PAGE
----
I recently spoke at a forum hosted by DPA (Disabled Persons Assembly). My address was very warmly received, people even asked for a transcript of the speech itself.
This is something I had never thought about making available before because my process is to speak from a series of bullet points. It is not uncommon for me to not know what I am going to say right up to the point I step on stage.
But being asked for a transcript made me realise something. Apparently my words have power, apparently people relate to my message and maybe, just maybe, I bring new ideas and a new perspective on life. In a moment we will go into “first-person mode” this was a speech where I was asked to share my perspective on living with a disability, reflecting on the past, looking at now and giving my feelings for the future.
Unfortunately because I can not be 100% accurate about what I said on the day, small parts may differ from what was said. Those of you reading this that were there, cut me some slack 🙂
“I reflect on the earlier comments Gary (Gary Williams) made, Gary has been around a long time. He has been through it all, faced adversity unimaginable to me, put in the work to change it, him along with many others are responsible for the fantastic life I have today, I realise this and I appreciate it very much.
My story overall is a very positive one.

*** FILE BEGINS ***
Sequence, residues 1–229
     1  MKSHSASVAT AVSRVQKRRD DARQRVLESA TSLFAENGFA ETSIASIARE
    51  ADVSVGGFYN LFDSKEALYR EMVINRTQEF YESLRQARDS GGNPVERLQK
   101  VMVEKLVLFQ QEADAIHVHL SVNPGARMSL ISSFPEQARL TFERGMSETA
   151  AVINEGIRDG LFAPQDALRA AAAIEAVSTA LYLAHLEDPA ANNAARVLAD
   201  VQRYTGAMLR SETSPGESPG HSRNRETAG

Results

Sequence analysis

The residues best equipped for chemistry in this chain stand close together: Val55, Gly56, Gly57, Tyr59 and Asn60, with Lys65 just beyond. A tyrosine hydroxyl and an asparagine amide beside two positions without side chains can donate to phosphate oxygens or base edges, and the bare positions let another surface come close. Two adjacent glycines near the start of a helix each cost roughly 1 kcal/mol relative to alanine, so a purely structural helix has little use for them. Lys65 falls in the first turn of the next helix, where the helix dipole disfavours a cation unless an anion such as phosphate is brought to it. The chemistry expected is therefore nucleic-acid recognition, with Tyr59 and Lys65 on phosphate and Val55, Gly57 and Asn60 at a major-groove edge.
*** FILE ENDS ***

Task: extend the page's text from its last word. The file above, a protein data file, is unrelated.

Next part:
Disability has never really been a determining factor in my life I am fortunate enough that byinlarge it has never been a big issue that I’ve had to self advocate for. Am I saying that I’ve never faced adversity in my life? Of course I have! There was that one time in highschool where a girl never called me back or that video game I never got around to buying!
On a serious note though my disability is out of my control, it’s no more in my control than someone being able to control having a big nose for example, and plenty of people can go through life with a big nose just fine. When things come up I deal with them, when I really think about it what other option do I have.
It’s time for a new message, it’s time to hear something some of you in the room have waited your whole lives to hear.
I am absolutely living the life I want to live and I’m doing all the things I want to do, and I understand completely that it is because of people like you in the room that have fought the good fight, been through it all and made things so much easier for my generation and the generation coming up behind me.
It is because people like yourselves that I can live where I want, choose who I work for, negotiate pay, be with friends and loved ones and ultimately live a life that is of my design and mine alone. Ladies and Gentlemen, as unassuming as I may appear to some of you, believe me when I say I am the result of the hard work of this sector and I think that deserves a round of applause.